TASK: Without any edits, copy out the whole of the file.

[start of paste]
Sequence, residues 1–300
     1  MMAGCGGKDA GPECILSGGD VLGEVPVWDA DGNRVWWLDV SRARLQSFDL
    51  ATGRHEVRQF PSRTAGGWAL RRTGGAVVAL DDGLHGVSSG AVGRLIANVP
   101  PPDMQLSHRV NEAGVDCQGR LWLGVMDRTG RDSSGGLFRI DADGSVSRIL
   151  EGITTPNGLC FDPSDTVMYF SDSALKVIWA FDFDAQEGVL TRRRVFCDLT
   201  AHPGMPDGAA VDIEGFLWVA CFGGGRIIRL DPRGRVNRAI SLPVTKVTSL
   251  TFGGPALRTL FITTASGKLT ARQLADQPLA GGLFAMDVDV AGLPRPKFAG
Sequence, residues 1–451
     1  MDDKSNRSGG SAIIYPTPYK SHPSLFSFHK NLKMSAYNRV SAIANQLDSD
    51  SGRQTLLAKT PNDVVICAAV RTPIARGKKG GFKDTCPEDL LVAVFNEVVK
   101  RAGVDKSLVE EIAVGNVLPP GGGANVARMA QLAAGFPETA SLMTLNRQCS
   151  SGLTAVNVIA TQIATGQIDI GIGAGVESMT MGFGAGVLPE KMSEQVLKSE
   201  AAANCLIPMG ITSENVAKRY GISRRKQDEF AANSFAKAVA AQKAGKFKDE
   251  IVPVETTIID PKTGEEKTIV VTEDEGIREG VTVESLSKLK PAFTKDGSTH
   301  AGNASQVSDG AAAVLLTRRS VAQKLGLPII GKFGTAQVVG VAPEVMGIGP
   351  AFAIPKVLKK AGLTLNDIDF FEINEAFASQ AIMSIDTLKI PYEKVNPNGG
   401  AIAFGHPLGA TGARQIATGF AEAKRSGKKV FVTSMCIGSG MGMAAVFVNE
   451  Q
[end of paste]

Sequence, residues 1–300
     1  MMAGCGGKDA GPECILSGGD VLGEVPVWDA DGNRVWWLDV SRARLQSFDL
    51  ATGRHEVRQF PSRTAGGWAL RRTGGAVVAL DDGLHGVSSG AVGRLIANVP
   101  PPDMQLSHRV NEAGVDCQGR LWLGVMDRTG RDSSGGLFRI DADGSVSRIL
   151  EGITTPNGLC FDPSDTVMYF SDSALKVIWA FDFDAQEGVL TRRRVFCDLT
   201  AHPGMPDGAA VDIEGFLWVA CFGGGRIIRL DPRGRVNRAI SLPVTKVTSL
   251  TFGGPALRTL FITTASGKLT ARQLADQPLA GGLFAMDVDV AGLPRPKFAG
Sequence, residues 1–451
     1  MDDKSNRSGG SAIIYPTPYK SHPSLFSFHK NLKMSAYNRV SAIANQLDSD
    51  SGRQTLLAKT PNDVVICAAV RTPIARGKKG GFKDTCPEDL LVAVFNEVVK
   101  RAGVDKSLVE EIAVGNVLPP GGGANVARMA QLAAGFPETA SLMTLNRQCS
   151  SGLTAVNVIA TQIATGQIDI GIGAGVESMT MGFGAGVLPE KMSEQVLKSE
   201  AAANCLIPMG ITSENVAKRY GISRRKQDEF AANSFAKAVA AQKAGKFKDE
   251  IVPVETTIID PKTGEEKTIV VTEDEGIREG VTVESLSKLK PAFTKDGSTH
   301  AGNASQVSDG AAAVLLTRRS VAQKLGLPII GKFGTAQVVG VAPEVMGIGP
   351  AFAIPKVLKK AGLTLNDIDF FEINEAFASQ AIMSIDTLKI PYEKVNPNGG
   401  AIAFGHPLGA TGARQIATGF AEAKRSGKKV FVTSMCIGSG MGMAAVFVNE
   451  Q